Lib Dem lessons after a kicking in Barnsley

Labour lost deposits, too . . . but this is what our party needs to learn from last night’s by-elect

Ouch, Barnsley! If you have ever been to Lib Dem conference and spent the final night at the Glee Club, you will recognise the song "Losing Deposits", sung to the tune of "Waltzing Matilda".

For some of us, there is no need to dust down the Liberator Song Book; that ditty is etched indelibly on our minds.

The kicking in Barnsley will be well analysed over the next 24 hours. It will be deemed to be about the unpopularity of the coalition, which will get worse, as I said on the BBC's This Week late last year.

When it comes to losing deposits, Labour may not have a song, but it does have a record in government. In 2005 in Cheadle, Labour lost its deposit. At the Henley by-election, Labour lost its deposit and came fifth, behind the Tories, Lib Dems, Greens and BNP. It goes even further back. To the 2000 Romsey by-election, when Labour got 3.7 per cent of the vote, and Winchester in 1997 – Labour's prime year – where the candidate got 1.7 per cent of the vote. On both occasions, Labour lost its deposit.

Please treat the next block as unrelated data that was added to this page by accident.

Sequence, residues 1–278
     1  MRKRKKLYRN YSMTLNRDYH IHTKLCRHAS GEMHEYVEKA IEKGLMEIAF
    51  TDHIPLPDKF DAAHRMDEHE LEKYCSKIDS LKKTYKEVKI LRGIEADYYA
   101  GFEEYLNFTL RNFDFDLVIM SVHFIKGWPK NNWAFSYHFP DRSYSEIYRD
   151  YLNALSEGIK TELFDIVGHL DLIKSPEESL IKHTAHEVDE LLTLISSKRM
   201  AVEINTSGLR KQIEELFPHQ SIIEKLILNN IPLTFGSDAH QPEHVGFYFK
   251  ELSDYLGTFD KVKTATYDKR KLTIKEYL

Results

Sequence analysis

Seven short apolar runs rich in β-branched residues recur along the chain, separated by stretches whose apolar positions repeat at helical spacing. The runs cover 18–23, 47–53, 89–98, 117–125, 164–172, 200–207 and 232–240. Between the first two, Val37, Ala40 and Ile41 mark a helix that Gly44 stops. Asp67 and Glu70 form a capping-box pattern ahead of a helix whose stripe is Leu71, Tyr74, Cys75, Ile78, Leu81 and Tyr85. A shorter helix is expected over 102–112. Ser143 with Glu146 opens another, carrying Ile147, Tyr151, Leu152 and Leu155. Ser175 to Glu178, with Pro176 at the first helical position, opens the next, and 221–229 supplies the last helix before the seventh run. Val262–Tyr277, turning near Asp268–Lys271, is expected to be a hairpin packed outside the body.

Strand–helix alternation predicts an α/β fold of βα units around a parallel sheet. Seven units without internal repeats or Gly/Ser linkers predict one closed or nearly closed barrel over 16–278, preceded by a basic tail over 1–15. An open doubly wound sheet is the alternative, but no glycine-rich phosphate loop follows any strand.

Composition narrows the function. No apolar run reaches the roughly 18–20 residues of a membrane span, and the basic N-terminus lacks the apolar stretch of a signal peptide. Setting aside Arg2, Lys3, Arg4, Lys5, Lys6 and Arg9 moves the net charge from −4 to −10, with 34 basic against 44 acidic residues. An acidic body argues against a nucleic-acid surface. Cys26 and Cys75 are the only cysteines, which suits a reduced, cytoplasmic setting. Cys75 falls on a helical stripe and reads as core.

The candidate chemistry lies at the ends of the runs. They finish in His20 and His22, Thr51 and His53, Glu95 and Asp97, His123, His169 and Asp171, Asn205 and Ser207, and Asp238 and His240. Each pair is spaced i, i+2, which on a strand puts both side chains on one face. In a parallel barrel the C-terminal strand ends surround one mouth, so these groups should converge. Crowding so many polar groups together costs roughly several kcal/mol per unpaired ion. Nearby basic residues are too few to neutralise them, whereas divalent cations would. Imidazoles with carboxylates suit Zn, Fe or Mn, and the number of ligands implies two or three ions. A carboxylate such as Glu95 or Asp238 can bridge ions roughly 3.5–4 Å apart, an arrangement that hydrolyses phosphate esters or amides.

But here are the factors that the Lib Dems need to be aware of:

  1. In local and national by-elections where activists are out and on the doorsteps – explaining why we are in this coalition and why paying down the deficit is critical, and talking about the forthcoming tax break that the Lib Dems have won – our vote holds up.
  2. In local and national by-elections where little work is done and where the vote is boosted by a national campaign, the Lib Dem vote plummets. (It should therefore come as no surprise to learn that there are no Lib Dem councillors in the Barnsley constituency.)

So the activists are critical, and their morale and willingness to get out on the doorstep or make the calls to voters will be critical to the party over the next few months.

Now, where's my songbook?